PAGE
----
The Conservative Formula approach is presented in this paper: The Conservative Formula in Python: Quantitative Investing made Easy
It is one many possible rebalancing approaches, but one that is easy to grasp. A summary of the approach:
xstocks are selected from a universe of
Y(100 of 1000)
The selection criteria are
- Low volatility
- High Net Payout Yield
- High Momentum
- Rebalancing every month
With this in mind let’s go and present a possible implementation in backtrader
Even if one has a winning strategy, nothing will be actually won if no data is available for the strategy. Which means that it has to be considered how the data looks like and how to load it.
A set of CSV (“comma-separated-values”) files is assumed to be available, containing with the following features
- With an extra field after the
vcontaining the Net Payout Yield (
npy), to have an
The format of the CSV data will therefore look like this
I.e.: one row per month. The data loader engine can now be prepared for which simple extension of the generic built-in CSV loader delivered with backtrader will be created.
And that is. Notice how easy has been to add a point of fundamental data to the
ohlcv data stream.
- By using the expresion
lines=('npy',). The other usual fields (
high, ...) are already part of
- By indicating the loading position with the
params = dict(npy=6). The other fields have a predefined position.
The timeframe has also been updated in the parameters to reflect the monthly nature of the data.
See Docs — Data Feeds Reference — GenericCSVDAta for the actual fields and loading positions (which can all be customized)
The data loader will have to be properly instantiated with a file name, but that’s something for later, when a standard boilerplate is presented below to have a complete script.
Let’s put the logic into a standard backtrader strategy. To make it as generic and customizable as possible, the same same
params approach will be used, as it was used before with the data.
Before delving into the strategy, let’s consider one of the points from the quick summary
xstocks are selected from a universe of
The strategy itself is not in charge of adding stocks to the universe, but it is in charge of the selection. One could be in a situation in which only 50 stocks have been added and still try to select 100 if
Y are fixed in the code. To cope with such situations, the following will be done:
- Have a
selpercparameter with a value of
10%), to indicate the amount of stocks to be selected from the universe.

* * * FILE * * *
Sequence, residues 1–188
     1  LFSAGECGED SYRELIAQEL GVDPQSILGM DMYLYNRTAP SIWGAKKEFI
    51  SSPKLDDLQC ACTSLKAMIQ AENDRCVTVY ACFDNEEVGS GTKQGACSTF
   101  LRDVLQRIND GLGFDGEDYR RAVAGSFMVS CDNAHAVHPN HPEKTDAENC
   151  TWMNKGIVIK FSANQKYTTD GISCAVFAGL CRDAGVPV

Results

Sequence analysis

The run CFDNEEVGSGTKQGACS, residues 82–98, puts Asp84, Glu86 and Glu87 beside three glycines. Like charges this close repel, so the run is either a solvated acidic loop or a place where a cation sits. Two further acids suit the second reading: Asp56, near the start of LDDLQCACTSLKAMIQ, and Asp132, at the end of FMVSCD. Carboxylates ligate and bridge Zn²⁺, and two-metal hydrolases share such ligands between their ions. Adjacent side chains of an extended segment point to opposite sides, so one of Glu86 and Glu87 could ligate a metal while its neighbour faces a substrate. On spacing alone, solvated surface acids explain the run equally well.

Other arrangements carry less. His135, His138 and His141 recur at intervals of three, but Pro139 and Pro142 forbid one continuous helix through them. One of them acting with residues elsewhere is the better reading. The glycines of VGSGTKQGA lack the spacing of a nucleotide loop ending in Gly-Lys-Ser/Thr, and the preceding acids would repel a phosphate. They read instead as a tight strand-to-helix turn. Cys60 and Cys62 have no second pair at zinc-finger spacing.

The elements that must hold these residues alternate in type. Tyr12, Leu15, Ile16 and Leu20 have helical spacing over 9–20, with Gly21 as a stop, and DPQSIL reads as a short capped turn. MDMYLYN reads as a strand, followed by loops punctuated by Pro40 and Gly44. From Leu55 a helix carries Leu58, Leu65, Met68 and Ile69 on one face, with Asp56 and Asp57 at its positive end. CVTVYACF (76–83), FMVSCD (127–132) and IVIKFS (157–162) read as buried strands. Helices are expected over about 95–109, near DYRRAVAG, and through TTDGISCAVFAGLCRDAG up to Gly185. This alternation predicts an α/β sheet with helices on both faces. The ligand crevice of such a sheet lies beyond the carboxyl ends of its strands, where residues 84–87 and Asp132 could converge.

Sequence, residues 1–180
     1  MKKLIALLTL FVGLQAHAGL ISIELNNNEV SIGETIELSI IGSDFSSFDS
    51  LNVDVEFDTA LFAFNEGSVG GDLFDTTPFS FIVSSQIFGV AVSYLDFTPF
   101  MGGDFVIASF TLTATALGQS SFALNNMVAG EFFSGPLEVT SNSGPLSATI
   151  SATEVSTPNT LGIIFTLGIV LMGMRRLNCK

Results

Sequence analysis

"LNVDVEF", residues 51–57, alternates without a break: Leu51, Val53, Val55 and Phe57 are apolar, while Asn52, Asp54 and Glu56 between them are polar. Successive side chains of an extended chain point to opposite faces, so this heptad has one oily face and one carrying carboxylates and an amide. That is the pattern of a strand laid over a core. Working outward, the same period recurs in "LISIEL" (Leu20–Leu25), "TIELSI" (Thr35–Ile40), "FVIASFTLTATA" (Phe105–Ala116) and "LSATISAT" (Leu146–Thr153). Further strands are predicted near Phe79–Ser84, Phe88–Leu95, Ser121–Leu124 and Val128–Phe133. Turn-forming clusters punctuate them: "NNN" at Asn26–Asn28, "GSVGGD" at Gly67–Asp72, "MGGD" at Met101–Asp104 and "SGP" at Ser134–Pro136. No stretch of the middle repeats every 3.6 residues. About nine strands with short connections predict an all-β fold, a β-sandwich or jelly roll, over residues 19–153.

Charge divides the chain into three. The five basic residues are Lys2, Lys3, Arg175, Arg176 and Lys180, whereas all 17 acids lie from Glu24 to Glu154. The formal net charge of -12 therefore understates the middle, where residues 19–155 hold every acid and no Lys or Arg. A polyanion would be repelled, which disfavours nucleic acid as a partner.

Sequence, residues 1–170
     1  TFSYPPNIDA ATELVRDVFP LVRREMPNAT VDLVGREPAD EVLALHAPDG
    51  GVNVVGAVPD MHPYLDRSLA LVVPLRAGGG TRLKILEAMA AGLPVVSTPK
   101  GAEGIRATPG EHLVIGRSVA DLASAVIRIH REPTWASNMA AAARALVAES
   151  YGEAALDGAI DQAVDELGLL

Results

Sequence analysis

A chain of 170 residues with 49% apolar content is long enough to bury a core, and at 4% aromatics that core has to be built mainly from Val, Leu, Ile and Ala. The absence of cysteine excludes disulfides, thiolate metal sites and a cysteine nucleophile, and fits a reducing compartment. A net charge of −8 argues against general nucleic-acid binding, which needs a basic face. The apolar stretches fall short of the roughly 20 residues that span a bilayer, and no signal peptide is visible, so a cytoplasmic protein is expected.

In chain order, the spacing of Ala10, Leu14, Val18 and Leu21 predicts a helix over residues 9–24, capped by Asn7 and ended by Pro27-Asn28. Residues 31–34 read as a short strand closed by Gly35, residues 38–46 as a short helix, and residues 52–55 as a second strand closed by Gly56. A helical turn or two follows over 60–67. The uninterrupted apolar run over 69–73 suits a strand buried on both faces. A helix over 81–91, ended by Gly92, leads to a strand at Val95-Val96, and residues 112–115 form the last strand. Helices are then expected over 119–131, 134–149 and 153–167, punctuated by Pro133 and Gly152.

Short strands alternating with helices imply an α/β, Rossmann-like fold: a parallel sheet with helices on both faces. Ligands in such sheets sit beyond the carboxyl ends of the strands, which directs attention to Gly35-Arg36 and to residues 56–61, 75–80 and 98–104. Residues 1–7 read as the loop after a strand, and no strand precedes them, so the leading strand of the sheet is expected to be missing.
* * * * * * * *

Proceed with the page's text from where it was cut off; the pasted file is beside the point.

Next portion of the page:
- This means that if 1000 are present, only 100 will be selected and if the universe consist of 50 stocks, only 5 will be selected.
As for the formula ranking the stock, it looks like this:
(momentum * net payout) / volatility
- Which means that those with higher momentum, higher payout and lower volatility will have a higher score.
RateOfChange indicator (aka
ROC) will be used, which measures the ratio of change in prices over a period.
net payout is already part of the data feed.
To calculate the
StandardDeviation of the
n-periods return of the stock (
n-periods, because things will be kept as parameters) will be used.
With this information, the strategy can already be initialize with the right parameters and the setup of the indicators and calculations which will be later used in each monthly iteration.
First the declaration and the parameters
Notice that something not mentioned above has been added, and that is a parameter
reserve=0.05 (i.e. 5%), which is used to calculated the percentage allocation per stock, keeping a reserve capital in the bank. Although for a simulation one could conceivable want to use 100% of the capital, one can hit the usual problems doing that, such as price gaps, floating point precision and end up missing some of the market entries.
Before anything else, a small logging method is created, which will allow to log how the portfolio is rebalanced.
At the beginning of the
__init__ method, the number of stocks to rank is calculated and the reserve capital parameter is applied to determine the per stock percentage of the bank.